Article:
When I went to college, my approach was football has opened a lot of doors for me. It's given me this opportunity to go to a great school, the University of Virginia, and come out with a good education. Somewhere along the line when I was at Virginia I thought maybe this could be a career for me. But moving forward, I think the average NFL career is three or four years, so you don't know how long you are going to be able to do this whether it be injury or a bad situation. There are so many variables that go into being able to play for a long time. I have been fortunate enough to do this for going on nine years. I think a lot of that is just good fortune.

So going in you know you have to be financially aware and plan for the future.

Certainly you have to realize to be able to do what we do and earn the money we make, it's a small window that you can earn it, so you need to save it and put it away for the rest of your life. It's not like you are a doctor who makes a good income and can make this income until they are 65 years old. We have a short window to earn our money, and we have to be aware of that and realize the paychecks aren't coming for very long.

What do you like doing in the off season other than spending time with your family?

[Laughing.] Well, right now we have three kids, 4 years and younger, so that's it for me right now. I enjoy fishing when I have time, but I don't have much time to do that now with three little ones at home. They provide a lot of joy and you know, parenthood teaches you a lot about yourself as well. They like to go to the park, so we spend a lot of time at the park and outside.

You had the concussion that everyone watched on television. Does that worry your wife?

Yeah, I think it definitely causes her a lot of worry. She's a very strong woman. I think it probably worries her a lot more than she lets on. You know, during the season she is raising the three kids, and we are gone a lot of weekends. For training camp we are gone for three weeks. A lot falls on her shoulders. I owe her a great deal. It takes a special lady to be able to do what she does.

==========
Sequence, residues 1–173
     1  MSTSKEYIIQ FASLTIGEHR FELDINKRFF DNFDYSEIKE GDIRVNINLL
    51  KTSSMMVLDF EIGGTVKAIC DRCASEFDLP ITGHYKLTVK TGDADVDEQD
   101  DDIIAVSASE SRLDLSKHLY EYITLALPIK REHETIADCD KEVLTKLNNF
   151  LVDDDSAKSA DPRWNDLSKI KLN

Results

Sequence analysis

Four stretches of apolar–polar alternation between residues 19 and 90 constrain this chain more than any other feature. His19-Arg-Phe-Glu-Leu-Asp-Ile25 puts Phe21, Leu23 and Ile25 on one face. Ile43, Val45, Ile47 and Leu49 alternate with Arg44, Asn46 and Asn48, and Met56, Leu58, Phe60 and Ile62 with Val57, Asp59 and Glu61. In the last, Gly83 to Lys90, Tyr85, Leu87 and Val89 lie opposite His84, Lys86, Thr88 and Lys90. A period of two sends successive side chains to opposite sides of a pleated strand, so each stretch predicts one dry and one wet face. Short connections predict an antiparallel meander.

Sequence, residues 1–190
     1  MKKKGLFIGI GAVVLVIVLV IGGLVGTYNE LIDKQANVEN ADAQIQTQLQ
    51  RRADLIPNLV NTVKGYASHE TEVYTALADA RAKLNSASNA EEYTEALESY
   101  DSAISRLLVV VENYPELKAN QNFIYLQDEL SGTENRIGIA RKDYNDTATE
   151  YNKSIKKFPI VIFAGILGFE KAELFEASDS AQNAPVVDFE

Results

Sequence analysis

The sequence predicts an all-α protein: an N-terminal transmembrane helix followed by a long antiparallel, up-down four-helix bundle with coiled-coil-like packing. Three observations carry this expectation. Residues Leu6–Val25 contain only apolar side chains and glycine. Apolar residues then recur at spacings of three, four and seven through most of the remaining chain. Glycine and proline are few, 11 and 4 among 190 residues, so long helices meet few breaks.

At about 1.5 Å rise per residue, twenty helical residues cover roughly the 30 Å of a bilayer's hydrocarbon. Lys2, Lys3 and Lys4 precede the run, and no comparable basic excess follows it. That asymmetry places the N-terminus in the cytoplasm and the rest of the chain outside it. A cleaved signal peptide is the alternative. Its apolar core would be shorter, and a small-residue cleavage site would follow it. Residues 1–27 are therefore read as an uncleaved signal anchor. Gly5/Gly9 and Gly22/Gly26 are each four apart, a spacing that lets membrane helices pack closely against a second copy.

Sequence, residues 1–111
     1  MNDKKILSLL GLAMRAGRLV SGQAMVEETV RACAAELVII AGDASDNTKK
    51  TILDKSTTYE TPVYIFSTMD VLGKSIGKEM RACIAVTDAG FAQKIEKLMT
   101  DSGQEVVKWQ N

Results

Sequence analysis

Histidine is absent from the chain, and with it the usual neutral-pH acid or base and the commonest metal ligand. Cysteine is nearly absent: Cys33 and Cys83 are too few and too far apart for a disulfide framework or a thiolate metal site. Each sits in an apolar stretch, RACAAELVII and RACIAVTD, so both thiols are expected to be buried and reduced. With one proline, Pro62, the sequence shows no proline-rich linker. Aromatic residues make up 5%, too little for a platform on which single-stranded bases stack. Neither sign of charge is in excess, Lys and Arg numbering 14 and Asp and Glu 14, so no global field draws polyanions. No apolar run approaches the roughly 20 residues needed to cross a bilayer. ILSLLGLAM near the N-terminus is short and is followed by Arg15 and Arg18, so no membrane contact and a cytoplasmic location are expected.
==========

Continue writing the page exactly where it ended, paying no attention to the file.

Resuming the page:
It had to be scary for her to watch the concussion happen.

She was actually eight or nine months pregnant with our second baby when that happened, so you can imagine the grief she had at that time.

What's it like to have a concussion? Do you remember anything?

There are all different kinds. In my case, I was knocked out for a little bit. Some guys are just fuzzy, memory loss, you know, just don't feel quite right. Some guys maybe have headaches, so there's all different levels and things that come from it. It's hard to specify one or two things. It was a little hazy, to be honest with you. It took me a while to realize what happened.

I have heard you talk about your knee surgery and say you are taking it day to day. It made me think of so many athlete interviews where the answers are so diplomatic. Do they train you guys to respond certain ways to certain questions?

[Laughing.] I think as you learn throughout the process of football that really is the best approach to take. Tomorrow is not a given, especially in this sport. You approach each and every day with your best effort. When I'll be back, I don't know. It's too far ahead to make any speculation. I just want to focus on the short term and try to get better every day. If I do that, I think that will add up to a good outcome.

So are you working on a touchdown dance?

[Laughing.] No, no. No one wants to see me dance. We'll leave it at that.

You are so calm after you score.

I'm excited. I'm excited. I guess I show it a little differently.

mobilehome - breakfast

Patricia Sheridan: psheridan@post-gazette.com or 412-263-2613. Follow her on Twitter at www.Twitter.com/pasheridan. First Published July 22, 2013 4:00 AM